Omaha daily bee. (Omaha [Neb.]) 187?-1922, August 12, 1916, Image 1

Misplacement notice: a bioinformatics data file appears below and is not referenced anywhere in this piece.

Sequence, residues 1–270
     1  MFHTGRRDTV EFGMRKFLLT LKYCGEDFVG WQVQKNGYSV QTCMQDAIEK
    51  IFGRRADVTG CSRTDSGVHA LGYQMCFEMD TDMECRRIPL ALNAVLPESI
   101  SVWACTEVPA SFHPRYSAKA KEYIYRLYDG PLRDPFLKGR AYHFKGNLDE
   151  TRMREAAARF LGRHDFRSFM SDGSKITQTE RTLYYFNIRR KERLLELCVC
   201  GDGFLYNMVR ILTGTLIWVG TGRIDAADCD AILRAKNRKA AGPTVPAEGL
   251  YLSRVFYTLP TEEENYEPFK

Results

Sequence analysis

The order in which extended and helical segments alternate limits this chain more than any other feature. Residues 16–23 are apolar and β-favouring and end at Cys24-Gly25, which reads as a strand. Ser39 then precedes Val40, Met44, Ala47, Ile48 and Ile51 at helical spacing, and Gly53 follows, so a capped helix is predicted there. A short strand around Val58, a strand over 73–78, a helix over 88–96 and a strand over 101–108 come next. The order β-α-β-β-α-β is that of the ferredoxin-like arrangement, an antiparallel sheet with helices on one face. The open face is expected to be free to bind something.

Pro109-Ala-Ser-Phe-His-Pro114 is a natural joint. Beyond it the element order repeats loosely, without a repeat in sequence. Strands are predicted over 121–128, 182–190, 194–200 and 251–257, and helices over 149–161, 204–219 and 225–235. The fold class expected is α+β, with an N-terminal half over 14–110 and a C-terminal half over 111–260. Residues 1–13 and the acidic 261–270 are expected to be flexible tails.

When &wty front hoEN . ask for THE BEE it hotels and news standi Omaha Daily Bee THE WEATHER COOLER VOL. XL VI NO. 50. i OMAHA, SATURDAY MORNING, AUGUST 12, 1916 FOURTEEN PAGES. Oa Train, t HotU, Nsmt (stands, etc., 6c. SINGLE COPY TWO CENTS. SUFFRAGISTS 111 CONVENTION ARE AGAINST WILSON In Resolutions Adopted, the ' National Woman's Partv " Declares for ugHhes , j for President. POSITION. IS COMMENDED Women Voters Urged to Use - Their Efforts for Defeat of - Democratic Candidate. 7 TO FIGHT CONGRESSMEN ' Colorado, Springs, Colo., Aug. It The -National Woman'a party in ex ecutive conference hefe today pledged itself to use its best efforts in the twelve equal suffrage states to de feat the , democratic candidate for president congratulate the progress ive, proniuiuun auu sutiausi panics upon their endorsement of suffrage for women by . national action, and commended the position of : Charles Evans Hughes,-the republican nom inee. ' . The ' statement of policy was con tained in three resolutions unanim ously adoocd. setting forth the atti tude of the Woman's party; first,, with, respect to the democratic party; cnnrt with rpsnprt trt thft nrnffresa- ive, prohibition and socialist parties, and finally upon the announced stand of Charles Evans Hughes upon na tional equal suffrage. - The text of the first resolution said: .' "Whereas, The present administra tion under President Wilson and the( democratic party have peristently op- posed the passage of a national suf frage amendment, and, " "Whereas, Each of. the other na tional parties, either by their platform, or through their candidates are pledg ed to the passage of a federal amend ment' enfranchising women. There fore, be it "resolved that the National Woman's party, so long as the opposi tion of th "democratic party continues, pledge itself to use is best efforts in the twelve states where women vote for president, to defeat the democratic candidate for president and the eleven states where women vote for mem bers of congress, to defeat the candi dates of the democratic tarty for con gress." The second resolution read: V'Resolved, that we congratulate the progressive, prohibition and socialist parties upon the definite stand which 'they have taken lit tneir enaorsmeni of suffrage for women by natiqnal action.' .. -.. . .- . Tin. tUtt-A vmnlttitntt earn ? "Resolved, that we commend the position, of the republican candidate for president, Charles Evans Hughes, for the "uneouivocal stand which he has taken for human liberty by his en dorsement of suffrage wor women by national action, and assure him of our appreciation of his statesmanlike position." ... - - w l il. . T1 . uoay oi tne lonner Senator Thurston Cremated Saturday Following the impressive Masonic service at the Masonic temple at 2 o'clock yesterday the body of the late former Senator John M. Thurs ton was taken to the receiving v.ult at Forest Lawn cemetery. The body will be cremated today and the ashes prepared for shipment to the congressional cemetery at Washing ton, D. C Mrs. Thurston, the widow, will leave with the ashes Stmday .morning. ' Services at the temple were led by Worshipful Master Eugene Atkins of St. John's lodge, eulcgistic remarks being made by the Rev. C W. Sav- - 1 , . 1. . t ) TV- T - t. . 1. lage anu uic icv. ur, xawsun, uuin old friends of the veteran law malar. Hedden Named Surveyoor ; General for Idaho Washington, Aug. il. The. presi dent today nominated Ecward Hed den of Caldwell, Idaho, to be sur veyor general of Idaho. The Weather For Nebraska Cloudy. v" Tempermtom at Omaha Yesterday. -.- Hour.' Deg a . n. . CA 5 ' i a. m c - a. m... Hi E a m.. T. 10 a. m i 7 11 a. mi ftd 12 m ........ 67 1 p. m.... , '.4 2 p. m , s p. m,.., , 7 4 p. m. 76 I p. n. ......... 77 p. no 7g 1 P. tn.i.. 77 P. m.... 7f ' Comparative Local Btford. . ' . - w mi. 1114. 1I1S. Higheat yntordar.... 7tf ft 2 -i Lowest yestrda ' s (,9 x 70 Mean temperature. . .. . 71 ' 71 CI 77 i'reclprauon ...... ..(H .11 , T .08 Tmperalur and precipitation departures (rum th normal at Omaha since March 1, and compared with tha last two rears: Normal temperature , 7$ uenctancy (or tn day... 5 jeiai vxvttaa siuct Man.' a I...,,.,..,. Hf Nornil precipitation .I inch Ueflcfancy (or the day.... .07 Inch - Total rainfall since March 1... 10.17 Inches Deficiency since March 1...,.,,. M 4 inches Excess (or eoc. period. 1915.,,...' .29 Inch , UeUclenuy for oor. period, 1114.. 4.(1 Inches Report From Btattops at 7 m. .. Station and But Temp. High- Rain- ot weather ' 1 p. m. Cheyenne, cloudy 74 , Davenport, cloudy K0 Denver, clear 24 1 Dea Moines, pt. cloudy.. 74 Dodge City, clear to Lander, clear 24 North Platte, clear 70 Omaha, clear 77 Rapid City, cloudy.... 42 . Santa Fe, cloudy 6 IT 8aerldan, olear..r 04 ' Stoui City, clear 74 . Vaitntlue, clear... 12 T' indicate traco of precipitation. I,. A. WFA&H, Meteorollgit. tit. ; so 20 7 64 22 46 7C so (all. .00 .42 RAIL WAGE ISSUE IS ATBEAOLOCK Employes Kef use to Make Any Concessions and Employers . Suggest Only Arbitration. HAT ASK WILSON TO ACT itfew York, Aug. 11. After deliber ating the grater part of the night, Commissioners William A, Cham bers, Martin A, Knapp and G. W. W. Hanger of the United States Board of Mediation and Conciliation, were to day no nearer a 'solution of the "dead lock" in the dispute between the four railroad brotherhoods -of the country and their employers than they were yesterday. The efforts of the mediators to avert a nation wide strike were vir tually at a halt due to the fact it was reported that the railroads refused to grant any concession other than arbitration, while the men persist in their firm stand for an unequivocal granting of their demands for an eight-hour day and time and a half overtime. . ,.-.; May Ask Wilson to Act. - A formal request for a twenty-four-hour delay in. the negotiations was made by the federal board to the union men today when they assem bled to receive the mediators, and it was reported that the board, unless there was an unexpected change' in the situation in that time, was pre pared to suggest to President Wilson that he intervene. Mr. Hanger, who asked for the' de lay, took pains to point out, how ever, that no particular significance had been attached to the sudden change in their plans. i : 5 ; "It must be remembered, he said, "that the question at issue involves hundreds of railroads and thousands of men and the mediators cannot gr rive at a judicious conclusion as to the merits in the case until they have thoroughly assimilated the situation." Mr. Hanger added that the board expected to cotinue its deliberations today and might reach a decision- by evening as to the time of the next meeting with one or the other side m the dispute. i Men Becoming Restive. ' " "We do not intend," said W. S. Stone, chief of the Brotherhood, of Railroad Engineers, "to wait very long on the mediatois. The tem per of the men is such that they would not have waited a minute if we had not persuaded them to give the mediators a chance. Personally, I do not care to carry'the strike vote around in my pocket for any extend'd period. It is like a stick of dyna mite' . , ' . - , Since its organization in 1913, through-an act of congress and up to September ZU, rjli, the board has sat on forty-seven controversies be tween railroads and their employes. In every instance the board has suc ceeded in securing an Ultimate adjust ment of i the differences, thirtynine cases having been settled by media tion alone and eight by arbitration. Italian Troops Occupy the Entire Doberdo Plateau Rome, Aug. 11. (Via London.) The Italians have occupied the entire Doberdo plateau,' the. war office an nounced today. J. he Italians also have captured Rubbia and San Martino del Carso. They -have reached the line of the Vallone river, ire Austrian3 have retired to the east of. the town of Vallone. By their new victories the Italians appear to have taken an important step toward clearing the salient formed by the bend of the Isonzo, below Gorizia. The Doberdo Plat eau was the scene of heavy fighting early in the war. but the Austrians obstinately withstood efforts of the Italians to win this important posi tion, i This fighting took place on a front som. distance berow Gorizia, the capture tf which enabled the Ital ians to push forward in the direction of Triest in this region. San-Mar tino del Carso is six miles southwest of Gorizia. ;t is about twenty miles from i nest ( Russians Take Stanislau. Petrograd. Aug. 11. (Via London.) Stanislau, an important railway cer- ter south ot Lemberg, capital ot Or licia, has been occupdio by Ru-isian troops. The capture of Stanislau is announced in the official statement givea out this evening. The capture of Stanislau gives tl.c Russians another gateway through which they can march toward Lent berg. Like Brody, Stanislau, is an important railroad center. Jiailroadh radiate from it in five directions. It is eighty-seven miles southeast of Lemberg and is situated between two, forks of the Bystritzax river, a miles south of the Dneister.. Stapn lau was a manufacturing city and agricultural center before the war and had a population of 33,000. . Officers and I. W. W. Have Mix in Fight Crosby, Minn, : Aug. 11. Rioting broke out on the Cuyuna range to day. Working miners were badly beaten by Industrial Workers of '' WoWrld pickets, and when deputies arrived they were met by shots. The deputies retired and obtained rein forcements. Returning, they fired upon the pickets, but no one was killed so far as as known. ; ' Fenfon General Freight, Agent of Omaha Road - Duluth, Minn, Aug. 11. Albion M rcniun, assistant general ireignt Krui ui uic iiicbu, oi. .i aui, Min neapolis & Omaha railroad at Min neapolis, has been appointed genera freight agent of that road, succeed uig E. B. Ober, reiigneion account of ill health. TURKEY REFUSES TO ALLOW RELIEF WORK IN SYRIA United States Informed ThnH : Crops Are Oood and Np' FEDERAL MEDIATION BOARD IN RAILROAD WAGE CASE Judge W. L Chambers, Judge Martin A. Knapp and G. W. W. Hangar, the three men who are trying to find a basis for settlement between .the four railroad brotherhoods and the committee representing the companies in the dispute over wages and hours of work. vnnsuans e . r (,'.; o ,ov Need r Bryan MILLER IS V-r-'-fRY AGAIN Syrians Here Raise Large Sums With Which to i V Purchase Supplies. CONTENTION OF THE TURKS Washington, Aug. 11. Turkey has refused to grant the request of the United States that u neutral com mittee be permitted to undertake re lief work in Syria, where thousands of native Christians are reported to be starving.' . Charge Miller of Constantinople, in a cablegram received at the State department today, said the Turkish government had imormed him relief operations, in Syria were considered unnecessary because crops there were better than anywhere in the empire. He added that although he was told thedecision was final, he had not dropped the subject, but would . continue to press for favor able action. ' , Miller, Will Try Again, t On Juiy 5 -the department in structed Charge Miller to call atten tion to the fact that there had been no action in this matter and to say to the Turkish foreign' office that continued failure to j:ed the request would put a severe strain on the re lations between the United States and Turkey. . .. . jtx..j - Turkish officials' -contended,' Mr. Miller said, that while food shortage existed to some extent in all bellig erent countries, there was no serious famine condition in Syria; that the outlook for fall crops was good and that locusts had damaged only fruits. Funds Already Raised. ' ' Syrians in the United States have raised considerable funds to purchase relief supplies for their countrymen, and have been waiting for months for permission to have them distributed. It was said at the State department today that Abram Elkus, the new am bassador to Turkey, who leaves for his post August 17, probably would take up the Syrian question personal ly upon his arrival at Constantinople. Defends His Efforts to Eeward Deserving Demos Kansas City,, Mo, Aug. 11-Wil-liam J. Bryan, former secretary of state, replied here today to criticism of his attitude toward civil service, made by Charles E. Hughes, the re publican presidential nominee, In a statement in which he said he had "enforced the civil service law to the letter " Mr. Bryan challenged the republican nominee to state whether he had given appointments to "de serving republicans" while governor of New Vork. - The statement was made in answer to recent speeches of Mt. Hughes, which quoted a letter Mr. Bryan had written to Receiver of Customs Vick in Santo Domingo, inquiring as to what positions could be obtained te "reward deserving democrats." " Mr. Bryan admitted the letter as it had been quoted. - "I am not ashamed of it." the state ment read. "The letter was written to an appointive officer, whose office was not under the civil service and the inquiry was made in regard to offi ces which were not under civil service. There was nothing in the letter to indicate a desire or intention to se lect men who were incompetent On the contrary,' inquiry is made as to 'what is requisite. " The statement, after declaring Mr. Hughes to have "shown himself quite prompt in discharging obligations," declares: "As an official, I enforced the civil service law to the letter-and, upon my resignation, received from the employes in the state-- department, more than 90 per cent of whom were under-the civil service, a watch-which I prize as a priceless treasure. But, while I observed the civil service law wherever it was in force, I felt my self free to aid in rewarding de serving democrats wherever it cou'd be done without detriment to the service. My regret is that I was able to reward so few of the multitude who are deserving, measured by their po litical sesvice, by their capability and by their fitness for the work to be done. "The 'deserving democrat' is not to be despised he is as much en titled to recognition as a 'deserving republican.' " David Kahn, Banker of New - York and Paris ,ls Dead New York, Aug. 11. David Kahn, head of the International banking house of Lazard Freres, whose .r',h. in Paris was reported in a cable dis patch today, was an American citizen. He was Lorn in France about seventy years ago, came to this country as a young, man and was naturalized. He went first to New Orleans, later to San Francisco, where, in 1884, he es tablished the London,: fans and American bank, which is now th An glo and London and- Paris National bank. Mr. Kahn severed his connection with that institution in the early '90' and, returning to Pans, joined the banking hrm of Lazard Freres, of which It: later became the senior member. mm asiiss ii rfV rgrv... tj-fJ VOTE FOR TAX OH MUNITIONS OF WAR . i . . - s ! v . ; w ..... , . : Senate Committee Substitutes Ten Per Cent Tax on Net Profits for House Section. UP TO CAUCUS TONIOjT BULLETIN. Washington, Aug. 11. Threatened revolt in the democratic senate cau cus over reduction of the. income tax exemption was averted late today when democrats of.ihe finance com mittee reconsidered their previous action lowering the exemption from $4,000 and $3,000 for married and sin gle persons to $3,000 and $2,000, re spectively. ' ... -y '- , ! Washington, Aug. 11. A 10 per cent net profit tax on manufactures of munitions of war was agreed upon today by democrats of the senate finance committee as a substitute for the munitions taxes proposed in the house revenue bill. The committee completed its con sideration of the house bill, for sub mission to thexaucus tonight, the net revenue to be derived from the meas ure being estimated at $198,000,000, or $11,000,000 less than the house bill. Specific duties on munitions proposed in the house would have yielded $72, 000,000j Under the senate amend ment the revenue to be derived from munitions will be only $45,000,000. The proposal to levy a net profit tax on excess profits of manufactur ers of all goods sold to foreign gov ernments, as proposed last night, was rejected by the committee after a prolonged fight. . The amendment strikes out all the munitions taxes contained in the house bill, including the much pro tested copper tax, and provides that every corporation manufacturing gun powder or other explosives,' and all munitions of war and articles going to make up munitions, including mo tor boats and submersibles.'shal) pay for each taxable year a tax of 10 per cent upon net profits accrued from the sale of such goods manufactured in the ' United States. The proposed tax would become in operative a year after the close of the European war and would be op erative from January 1, 1916. Anglo-French Forces Take Bulgarian Post Paris, Aug. 11. An attack by Anglo-French forces on the Bulgarians at Doiran, forty miles northwest of Saloniki, is reported in a Havas dis patch from Saloniki. Tjie allies oc cupied the' Doiran railway station and a neighboring hill. London, Aug. 11 Reuter's corre spondent at Saloniki telegraphs that the artillery duel on the Balkan front has been renewed. The height, cap tured by the Anglo-French forces u Hill 227, south of Doiran. The rail way station lies five miles east of the town. . , There have been several small en gagements along this front, as well as frequent heavy artillery battles. A general offensive movement on the part of the army of French, British anlt Serbian troops, based on Saloniki, which 'is reported to number nearly 700,000, has been expected for several weeks. The engagement near Doiran, liowever, apparently was a minor, af fair. Milk Wagon Drivers At Cleveland Strike Cleveland, O., Aug. 11. As a result of s strike of milk wagon drivers of the Telling-Belle Vernon company, largest milk dealers in the city, 300,- 000 Clevelanders were without their usual supply today. Drivers) for the hchncider-cccker Dairy company. second-- largest in the city, - which cares for 150,000 persons, are ex pected to strike today. W. D. LINCOLN GIVEN HEW JOB WITH D.P, :. a ms:e.. - 1 - -v ; Superintendent of Transporta tion to Become "Outside .. Man" August'lS, '' W. A. WHITNEY NEW "SUPE" William D. Lincoln, superintendent of transportation of the Union Pa cific for the last ten years, has been appointed to fill a new position in the transportation department of the road. ' - . '. , ' . ' Mr. Lincoln will become an "out side, man" fop. the, department, His duties will be to check the . rolling stock and equipment and keep the cars moving to their capacity, ' "The Heavy freight movements have made it necessary that we have s man on the road to keep the ears moving con stantly and with the maximum eth- ciency," said Geperal Manager Jeffcrs in commencing on uic cnangc.-- . mi, a li'l. , A. wmincy, general, supcrm- w. tendent of the -Oregon Short Line at bait Lake City, will succeed Mr Lin coln as superintendent of transporta tion of the Union Pacific in Omaha. Mr. Lincoln has been with the Union Pacific twenty-seven years, the last ten years of which he has been master of transportation. Previously he was with the Urand Island road for ten years. Mr. Whitney has had thirty years' service with the Harriman lines. He was . chief train dispatcher of the Union Pacific at Grand Island, assist ant superintendent and later superin tendent of the Wyoming division be fore becoming general superintendent of the. Oregon Short Line. The reassignment of officials -will become effective August 15. Candidate Hughes 1 1 Talks Americanism j While on ;Way West Dickinson, N. D., Aug. 11. All the issues of this campaign, Charles E. Hughes told an audience here today can be summed ud in two words: "Dominant Americanism." The re publican nominee defined this phrase as follows: . ."America making its institutions work as they were intended to work for the benefit ot the oeoole of this country and to the honor of the American -name. Mr, Hughes made a rear-nlatform speech here. Short addresses from the rear plattorm were made also at Bis marck and Mandan, N. D. Deny Kottweil ; 3 Plant Damaged Berlin. Aug. 11. (Via London.) "On the night of August 7 enemy' air men dropped several Domes on Kott weil Wartemburg," says - an official statement issued here today. "A dwelling house was hit and several persons were wounded. Np military damage was.aone. . . . . The official French statement of Wednesday afternoon Said a French viator flying 217 miles between 8:3J p. m. and 11:5 J p. m. nropped HJ sounds of explosives on the powder factory at Rottweil, causing two ex tensive hres and several oxptosions. Two Hold-Up Victims Lose Small Amounts While "taking the air" in the Bow ery district Jim Miller, 425 South Thirteenth street,', was jostled, by someone .who stole his purse, which contained $7 in cash and a check for $750. He reported his loss to the police. . . Lawrence Duncan, residing at the Owl hotel, was the victim of a couple ot white nouiups, who aecosted him at lentil and Douglas streets and re lieved him of bis worldly possessions V.. . .. - DAHLMAN INVITES , WILS0NT0 OMAHA Mayor and Congressman Lo- beck Urge President to At tend Celebration Here. " WILL CROSS CONTINENT CZAR'S ADVANCE IS WITHIN EIGHT MILESjF HALICZ Russian Forces Reach Dniester River 'at Point Southeast , of This Important City-. . . c GREAT DRIVES CONTINUE . , . Muscovite Army is Also Moving Toward Sereth River in 7 Province of Qalicia. Washington, Aug. 11. Mayor DaM man -of Omaha and Representative Lobeck of Nebraska urged the presi dent today to visit Omaha, prefer ably late in September or early in October, during the celcbratipn of the fiftieth anniversary of . the admission of Nebraska to statehood, v .' ' , .'President Wilson practically has de cided to make a speaking trip serosa the continent,. No details oi the tour have bee: arranged, but it was un derstood ' today that his Itinerary would be worked out witliin the next few weeks. ", , .' .. . ' ', Waiting on Congress. , The president's advisers have been urging him to make s number of speeches, but he has been withholding a decision until the work of congress had progressed further, It was known definitely today, however, that if present plans were carried out,, the president would go to the Pacific coast, - Senator Phelan today invited the president to speak in California some time during the campaign, but was told no definite plans could be taken up for at least two weeks. One of the suggestions for the pro posed trip is for the president to re view some of the troops on the bor der, but no decision on that has been reached. Leaders WiU Decide. -Invitations from cities in all parts of the country are before the presi dent, but none will be accepted until they have been gone over carefully by Vance McCormick, chairman of the democrat! national committee and other leaders. The possibility that congress may remain in session after September 1 is preventing the president from making any definite campaign plans. He wants to make no long trips from Washington until after adjournment, although he has accepted an invitation for a brief visit to Kit. Louis, September 20. The president will do much cam paigning at his summer home at Long Branch, N. J., where he will receive delegations. FIGHTING ALONG SOMME Petrograd, Aug. 11. (Vis London.) The Russians are advancing on the Sereth river in Calicia, the war of fice announced today. " They have also entered the town of Monastercy- ska, horthwest of Stanislau. Fight ing is continuing in Monasterzytka;''"1 The Russians have reached the Dniester south of Mariampole, which is eight miles southeast of the im- Sortant town of Halicx. ' They also ave advanced to the right bank of the Bystritza river, a branch of the Dniester, which joins that river near . Mariampole. v In the fighting of August 8 and 9, more than 5,000 Austrians and Ger mans were captured. The statement follows: .. . "Fierce fighting ia continuing on the River Stokhod, in the region of Mikhliabachey, the village ofVulski Lubaohevska, the little town of Stobyvy and the village of Zaroches. "On the River Sereth our troops are advancing as a result of tierce fighting. The' enemy is making a desperate resistance, alternating be tween defensive actions and counter attacks Notwithstanding . the ene my's efforts - to stem . our . ad vance, our gallant troops, under General Sakharoff, by a series oi re peated attacks, pushed the enemy out of villages and woods on the right bank of the river and having reached the ridge commanding the heights they are fighting before the village of Trosiaecnesgroce. We took here 2,500 men and the commander of an Austrian regiment 'with the entire regimental staff and chaplain. Brilliant Attack by Cossacks. "In a westerly direction our troops reached the left bank of the Zlota Lids, capturing during the engage ment the village- of Lataravka and taking over . l.iwu Auitro-Oei man prisoners. Une of our Orenburg Los- sacc regiments launched, here a cav alry attack,, taking mors than. - 200 prisoners and capturing three machine guns;.. -; i- ! ry - "A German - regiment, having ctossed the River! Zlota Lipa near the village of Zandaruv, attempted a counter attack on the noaition we occupied, but was repelled with enor mous losses.. Uur brave cavalry-detachments, having forded the River Zlota .Lin, attacked thn.. rftH(l enemy and, pursuing him, reached the left bank of the Dniester in the bend to the south of the village of Us ciezielone (southwest . of Monaa- terzyska.) - "The- total number of prisoners taken during the battles 'of August 8 and 9 amounts to 5,000." ; Germans Announce Retreat Berlin, Aug. 11. (Via London.) Austro-German troops in the region of' Monasterzyska, at points on the Dniester and in the Bysteritza river regions of Galicia, have been com- Three Regular Army ( Colonels Are Retired Washington, Aug. 11. Three regu lar army colonels, until recently in command or attached to regiments on the border or in Mexico, have been retired for physical disability on the recommendation ot examining boards. they are: Colonels Jacob G- Gal braith, formerly ' commanding the Tenth cavalry! George H. Hands, -formerly attached to the Eleventh cav alry, and Charles W. Penrose, Twen ty-fourth infantry. Explosion of Gun " '. Cotton Kills Three Wilmington, Del., Aug. II. An ex plosion, which blew out a cylinder on a rehydrating press at the Dupont Powder company s plant at Carney's Point, N. ., today, irHed three workr men' and injured two others. The press, which contained forty pounds of gun cotton, was blown to pieces and flying bits of steel were hurled in all directions. One piece struck a man who was eating, his lunch in another building and killed him. Omaha Man Licensed to Wed Lincoln Girl at Chicago Chicago,' Aug. 11. (Special Tele grain.) Arthur L. Swygard of Oma ha was licensed here today to wed Miss Charlotte Murray of Lincoln. Swygard is employed in the Bramlei stores and resides at 3& Norm iwen ty-second street (CaaMawS Tm Tw, Cat Oaa. - Mysterious Signals . Believed to Come ; From the Bremen New York. Aug. ll.-Wireless ob-' servers at snore stations near New York were puzzled early today by signals received from an unidentified vessel apparently somewhere off Sandy Hook which was calling the Telefunken wireless station in this city. The fact that the stranger re fused to disclose the identity of the vessel led some of the wireless opera tors to believe they were at last in Communication with the long ex pected Bremen. Sandy Hook observers trained their marine glasses seaward expectantly at daybreak, but everything beyond a few miles off shore was hidden in a haze and no submarine was in sight The mysterious signals had ceased. While in communication with the shore a few hours earlier the strange vessel reported herself only as a col lier and the operator on board signed his calls "D. B. U.." which is the private wireless signal of the North German-Lloyd steamer Breslau, last reported as tied up in New Orleans for the period of the war. A . isil Opportunity has no set time Reading end heed ing Want-Ads every day wUI show you innumera ble ways to make money and get ahead. Begin to day to be a steady reader -of Bee Want-Ads. For Bee Want-Ada -Call Tyler 1000 '